President Obama described North Korea’s alleged hack of Sony Pictures as “cybervandalism” rather than an act of war in comments aired Sunday, but added that the U.S. was contemplating putting Pyongyang back on the list of state sponsors of terrorism.
In an interview with CNN’s State of the Union, the president said Washington would “review” the position of North Korea, adding: “we don’t make those judgments just based on the news of the day.”
It comes as the White House weighs its response to the hacking of Sony Pictures and threats that led the company to cancel its release of The Interview — a spoofing a plot to assassinate North Korea’s leader Kim Jong-un
"It was an act of cybervandalism," Obama said of the hack. “Sometimes, this is a matter of setting a tone, and being very clear that we’re not going to be intimidated by some cyberhackers.”
While he said the U.S. “will respond proportionately” to North Korea’s alleged move, he reiterated his previous assertion that Sony should not have pulled the movie from theaters. The people behind the cyberattack — who have gone by the name Guardians Of Peace but have been linked by U.S. authorities to Pyongyang — had threatened to attack those attending screenings of the film
Obama said Friday in a news conference that Sony had made "a mistake" in canceling the movie, and that he wished the company had contacted him first.
North Korea has denied that it is behind the hack, and challenged Washington to be part of a joint probe into the matter. Pyongyang warned of “serious consequences” should Washington reject its offer.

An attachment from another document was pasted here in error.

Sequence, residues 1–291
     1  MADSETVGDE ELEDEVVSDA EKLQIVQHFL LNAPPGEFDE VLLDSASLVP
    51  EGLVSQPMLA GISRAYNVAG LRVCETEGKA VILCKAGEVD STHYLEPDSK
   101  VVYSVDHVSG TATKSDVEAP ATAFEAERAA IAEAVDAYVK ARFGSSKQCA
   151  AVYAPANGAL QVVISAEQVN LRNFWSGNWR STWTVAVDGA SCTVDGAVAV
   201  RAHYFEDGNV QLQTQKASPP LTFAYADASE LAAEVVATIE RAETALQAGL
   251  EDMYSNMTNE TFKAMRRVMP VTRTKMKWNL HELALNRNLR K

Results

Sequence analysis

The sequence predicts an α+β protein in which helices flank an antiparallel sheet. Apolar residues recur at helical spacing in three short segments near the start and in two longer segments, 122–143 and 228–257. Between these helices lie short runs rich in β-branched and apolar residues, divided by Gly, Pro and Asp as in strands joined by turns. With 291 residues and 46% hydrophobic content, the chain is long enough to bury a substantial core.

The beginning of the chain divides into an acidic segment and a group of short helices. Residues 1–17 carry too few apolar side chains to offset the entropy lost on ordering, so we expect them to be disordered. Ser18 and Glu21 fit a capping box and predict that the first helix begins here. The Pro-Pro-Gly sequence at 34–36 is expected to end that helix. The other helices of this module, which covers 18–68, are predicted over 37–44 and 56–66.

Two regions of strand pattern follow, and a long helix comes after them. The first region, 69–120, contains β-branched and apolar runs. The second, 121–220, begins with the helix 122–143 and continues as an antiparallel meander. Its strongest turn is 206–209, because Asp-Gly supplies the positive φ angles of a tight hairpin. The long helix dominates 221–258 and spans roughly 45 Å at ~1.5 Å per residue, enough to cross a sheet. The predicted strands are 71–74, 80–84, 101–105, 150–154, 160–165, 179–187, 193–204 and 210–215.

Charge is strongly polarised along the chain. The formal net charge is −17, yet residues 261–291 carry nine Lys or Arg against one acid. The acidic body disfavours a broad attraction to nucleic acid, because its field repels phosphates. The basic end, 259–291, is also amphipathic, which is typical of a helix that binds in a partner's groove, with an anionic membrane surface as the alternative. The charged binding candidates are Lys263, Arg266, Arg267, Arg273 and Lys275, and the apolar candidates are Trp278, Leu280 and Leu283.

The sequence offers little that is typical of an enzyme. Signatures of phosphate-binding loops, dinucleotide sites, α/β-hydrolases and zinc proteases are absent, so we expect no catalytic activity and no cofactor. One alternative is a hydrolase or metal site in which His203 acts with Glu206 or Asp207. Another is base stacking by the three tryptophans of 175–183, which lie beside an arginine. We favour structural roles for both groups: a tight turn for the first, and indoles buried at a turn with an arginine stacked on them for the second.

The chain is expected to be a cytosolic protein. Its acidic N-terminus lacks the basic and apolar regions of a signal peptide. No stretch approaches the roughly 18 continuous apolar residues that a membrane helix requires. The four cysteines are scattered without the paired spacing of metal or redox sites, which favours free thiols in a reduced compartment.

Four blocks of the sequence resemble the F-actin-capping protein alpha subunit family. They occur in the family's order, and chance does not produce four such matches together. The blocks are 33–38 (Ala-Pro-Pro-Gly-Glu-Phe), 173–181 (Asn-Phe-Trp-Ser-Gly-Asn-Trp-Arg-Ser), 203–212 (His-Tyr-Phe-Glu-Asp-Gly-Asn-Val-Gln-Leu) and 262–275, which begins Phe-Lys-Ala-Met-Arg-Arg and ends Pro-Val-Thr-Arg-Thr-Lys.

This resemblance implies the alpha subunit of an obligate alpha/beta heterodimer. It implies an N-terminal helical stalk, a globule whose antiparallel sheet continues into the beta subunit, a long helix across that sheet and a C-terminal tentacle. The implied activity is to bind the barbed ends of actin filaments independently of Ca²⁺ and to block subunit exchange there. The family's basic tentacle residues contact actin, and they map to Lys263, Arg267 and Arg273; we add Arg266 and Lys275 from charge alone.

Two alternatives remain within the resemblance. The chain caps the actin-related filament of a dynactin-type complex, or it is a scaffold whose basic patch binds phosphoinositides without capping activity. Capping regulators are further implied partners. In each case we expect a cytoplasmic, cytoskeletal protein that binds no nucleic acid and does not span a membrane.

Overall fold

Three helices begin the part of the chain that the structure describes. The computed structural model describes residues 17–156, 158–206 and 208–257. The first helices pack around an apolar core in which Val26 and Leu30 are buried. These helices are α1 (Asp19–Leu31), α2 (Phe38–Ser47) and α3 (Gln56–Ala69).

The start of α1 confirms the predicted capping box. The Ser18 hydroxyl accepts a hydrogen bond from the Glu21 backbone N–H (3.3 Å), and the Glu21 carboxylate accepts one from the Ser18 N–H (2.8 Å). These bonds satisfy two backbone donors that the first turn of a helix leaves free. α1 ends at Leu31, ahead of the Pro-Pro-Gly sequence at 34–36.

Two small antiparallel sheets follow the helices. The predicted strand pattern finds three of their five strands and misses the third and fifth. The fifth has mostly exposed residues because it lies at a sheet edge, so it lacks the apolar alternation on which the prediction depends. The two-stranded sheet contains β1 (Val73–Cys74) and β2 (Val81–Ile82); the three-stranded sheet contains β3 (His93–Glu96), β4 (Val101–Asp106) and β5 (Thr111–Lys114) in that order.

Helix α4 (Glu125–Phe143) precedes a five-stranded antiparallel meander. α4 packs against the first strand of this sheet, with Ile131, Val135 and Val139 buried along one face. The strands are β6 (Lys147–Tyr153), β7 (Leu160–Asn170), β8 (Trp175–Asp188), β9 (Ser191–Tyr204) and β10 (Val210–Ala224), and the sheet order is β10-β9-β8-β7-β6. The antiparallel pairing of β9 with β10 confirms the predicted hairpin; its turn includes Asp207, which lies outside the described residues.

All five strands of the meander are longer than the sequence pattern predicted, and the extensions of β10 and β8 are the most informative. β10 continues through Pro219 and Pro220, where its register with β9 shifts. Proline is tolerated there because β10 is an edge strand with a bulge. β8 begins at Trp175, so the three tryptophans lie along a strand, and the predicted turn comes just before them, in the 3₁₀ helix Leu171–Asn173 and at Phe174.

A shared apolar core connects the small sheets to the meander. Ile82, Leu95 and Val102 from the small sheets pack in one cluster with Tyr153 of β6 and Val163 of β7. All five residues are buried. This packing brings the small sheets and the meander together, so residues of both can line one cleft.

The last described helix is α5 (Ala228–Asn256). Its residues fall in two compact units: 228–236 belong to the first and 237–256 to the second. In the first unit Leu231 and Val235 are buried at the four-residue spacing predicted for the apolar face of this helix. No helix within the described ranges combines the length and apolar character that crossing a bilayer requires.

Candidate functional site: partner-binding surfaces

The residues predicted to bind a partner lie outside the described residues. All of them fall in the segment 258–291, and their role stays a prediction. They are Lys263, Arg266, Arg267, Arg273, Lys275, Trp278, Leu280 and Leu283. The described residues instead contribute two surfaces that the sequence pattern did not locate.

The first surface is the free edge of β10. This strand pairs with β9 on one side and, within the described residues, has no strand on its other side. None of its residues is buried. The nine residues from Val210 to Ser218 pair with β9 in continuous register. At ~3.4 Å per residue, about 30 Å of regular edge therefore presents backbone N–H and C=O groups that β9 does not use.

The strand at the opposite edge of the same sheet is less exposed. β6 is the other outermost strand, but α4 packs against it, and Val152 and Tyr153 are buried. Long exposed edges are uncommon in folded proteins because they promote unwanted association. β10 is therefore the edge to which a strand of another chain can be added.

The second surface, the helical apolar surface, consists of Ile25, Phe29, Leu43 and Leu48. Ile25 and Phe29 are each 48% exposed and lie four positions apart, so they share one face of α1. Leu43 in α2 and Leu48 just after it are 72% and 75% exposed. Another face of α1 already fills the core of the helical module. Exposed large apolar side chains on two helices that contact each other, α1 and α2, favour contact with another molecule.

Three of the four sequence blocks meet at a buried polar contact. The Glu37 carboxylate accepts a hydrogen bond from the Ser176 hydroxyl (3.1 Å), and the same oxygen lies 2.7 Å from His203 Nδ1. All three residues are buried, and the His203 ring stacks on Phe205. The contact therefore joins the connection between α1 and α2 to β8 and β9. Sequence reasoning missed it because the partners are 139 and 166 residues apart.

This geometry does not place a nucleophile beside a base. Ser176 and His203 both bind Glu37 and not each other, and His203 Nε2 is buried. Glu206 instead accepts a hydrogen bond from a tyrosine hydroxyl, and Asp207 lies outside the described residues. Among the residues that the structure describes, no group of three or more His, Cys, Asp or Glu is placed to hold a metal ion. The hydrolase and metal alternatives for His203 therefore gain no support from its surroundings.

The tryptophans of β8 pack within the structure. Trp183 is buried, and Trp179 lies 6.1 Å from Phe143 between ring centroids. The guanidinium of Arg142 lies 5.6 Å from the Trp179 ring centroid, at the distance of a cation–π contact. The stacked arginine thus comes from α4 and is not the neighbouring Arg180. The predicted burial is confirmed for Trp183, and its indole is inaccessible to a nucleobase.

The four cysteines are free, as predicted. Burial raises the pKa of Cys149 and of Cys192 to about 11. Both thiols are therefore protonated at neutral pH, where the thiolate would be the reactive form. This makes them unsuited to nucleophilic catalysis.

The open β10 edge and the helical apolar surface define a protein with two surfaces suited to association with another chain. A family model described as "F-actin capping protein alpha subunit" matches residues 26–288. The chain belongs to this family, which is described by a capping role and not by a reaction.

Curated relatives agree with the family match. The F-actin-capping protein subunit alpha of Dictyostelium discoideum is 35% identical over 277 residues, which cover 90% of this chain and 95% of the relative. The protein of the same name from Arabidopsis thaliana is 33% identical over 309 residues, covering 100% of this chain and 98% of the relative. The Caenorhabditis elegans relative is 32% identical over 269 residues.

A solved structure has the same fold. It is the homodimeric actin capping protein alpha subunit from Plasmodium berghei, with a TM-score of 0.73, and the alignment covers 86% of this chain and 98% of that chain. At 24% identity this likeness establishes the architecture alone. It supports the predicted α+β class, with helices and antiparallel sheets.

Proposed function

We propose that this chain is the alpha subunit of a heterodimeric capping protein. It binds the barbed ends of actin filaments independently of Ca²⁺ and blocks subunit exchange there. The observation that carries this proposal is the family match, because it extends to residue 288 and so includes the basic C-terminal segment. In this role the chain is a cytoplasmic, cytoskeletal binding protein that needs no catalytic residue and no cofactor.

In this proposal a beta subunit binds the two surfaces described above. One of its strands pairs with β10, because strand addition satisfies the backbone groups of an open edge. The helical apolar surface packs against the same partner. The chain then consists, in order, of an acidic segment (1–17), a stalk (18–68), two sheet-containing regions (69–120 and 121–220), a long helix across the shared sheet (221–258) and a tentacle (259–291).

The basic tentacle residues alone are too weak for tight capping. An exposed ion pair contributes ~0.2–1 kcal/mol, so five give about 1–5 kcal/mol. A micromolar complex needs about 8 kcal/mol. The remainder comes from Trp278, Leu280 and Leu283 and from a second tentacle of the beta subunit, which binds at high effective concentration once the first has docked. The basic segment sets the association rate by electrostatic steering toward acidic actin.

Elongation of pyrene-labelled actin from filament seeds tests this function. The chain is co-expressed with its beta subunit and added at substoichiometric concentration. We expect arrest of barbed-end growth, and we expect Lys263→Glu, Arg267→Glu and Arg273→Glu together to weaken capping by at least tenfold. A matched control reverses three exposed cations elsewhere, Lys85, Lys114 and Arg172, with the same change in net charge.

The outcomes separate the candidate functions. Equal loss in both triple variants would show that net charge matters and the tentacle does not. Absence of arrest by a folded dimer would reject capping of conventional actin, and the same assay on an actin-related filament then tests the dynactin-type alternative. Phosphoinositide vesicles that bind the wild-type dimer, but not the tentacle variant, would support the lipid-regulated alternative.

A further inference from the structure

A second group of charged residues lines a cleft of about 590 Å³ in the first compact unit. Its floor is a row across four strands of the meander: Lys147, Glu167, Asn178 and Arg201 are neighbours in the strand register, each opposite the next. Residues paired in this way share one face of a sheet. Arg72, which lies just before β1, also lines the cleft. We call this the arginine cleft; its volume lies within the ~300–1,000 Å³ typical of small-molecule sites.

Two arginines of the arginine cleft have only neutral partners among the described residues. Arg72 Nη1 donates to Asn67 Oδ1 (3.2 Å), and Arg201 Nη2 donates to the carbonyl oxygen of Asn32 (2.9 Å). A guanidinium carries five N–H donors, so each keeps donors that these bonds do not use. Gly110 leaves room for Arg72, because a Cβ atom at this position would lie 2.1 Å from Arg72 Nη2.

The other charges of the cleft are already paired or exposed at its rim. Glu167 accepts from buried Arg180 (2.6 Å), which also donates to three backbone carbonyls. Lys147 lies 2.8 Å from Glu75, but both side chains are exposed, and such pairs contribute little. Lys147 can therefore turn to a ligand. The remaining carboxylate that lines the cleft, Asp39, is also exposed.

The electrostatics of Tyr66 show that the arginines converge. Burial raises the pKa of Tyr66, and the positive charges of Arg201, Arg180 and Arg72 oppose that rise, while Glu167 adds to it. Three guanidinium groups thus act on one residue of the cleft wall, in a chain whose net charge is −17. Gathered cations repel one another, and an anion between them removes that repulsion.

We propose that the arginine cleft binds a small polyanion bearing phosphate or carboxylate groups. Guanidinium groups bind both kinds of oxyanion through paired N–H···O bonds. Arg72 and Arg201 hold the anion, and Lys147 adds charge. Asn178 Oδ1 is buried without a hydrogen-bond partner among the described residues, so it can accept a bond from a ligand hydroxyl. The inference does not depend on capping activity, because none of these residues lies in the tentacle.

Meanwhile, the White House mulls its response.
North Korea was on the state sponsors of terror list for two decades until the George W. Bush administration removed it in 2008 during nuclear negotiations. Iran, Sudan, Syria and Cuba are the only remaining countries on the list, which calls for sanctions that limit U.S. aid.
In order to meet the criteria that would put North Korea back on the list, the State Department would have to determine that the country has repeatedly supported acts of international terrorism. That designation could be a difficult one, since the U.S. has traditionally referred to terrorism as violent, physical attacks rather than hacking.
North Korea did threaten to strike back if the U.S. retaliated, according to a statement from its National Defense Commission.
President Obama told CNN on Sunday that Sony’s cancellation of the movie’s release set a harmful precedent by appeasing a dictator.
"If we set a precedent in which a dictator in another country can disrupt through cyber, a company's distribution chain or its products, and as a consequence we start censoring ourselves, that's a problem," Obama said.
"So the key here is not to suggest that Sony was a bad actor. It's making a broader point that all of us have to adapt to the possibility of cyberattacks, we have to do a lot more to guard against them."
In response, Sony Entertainment CEO Michael Lyton told CNN that the president and the public “are mistaken as to what actually happened,” and said that the movie theaters that refused to show the film forced Sony to pull it from theaters.
With wire services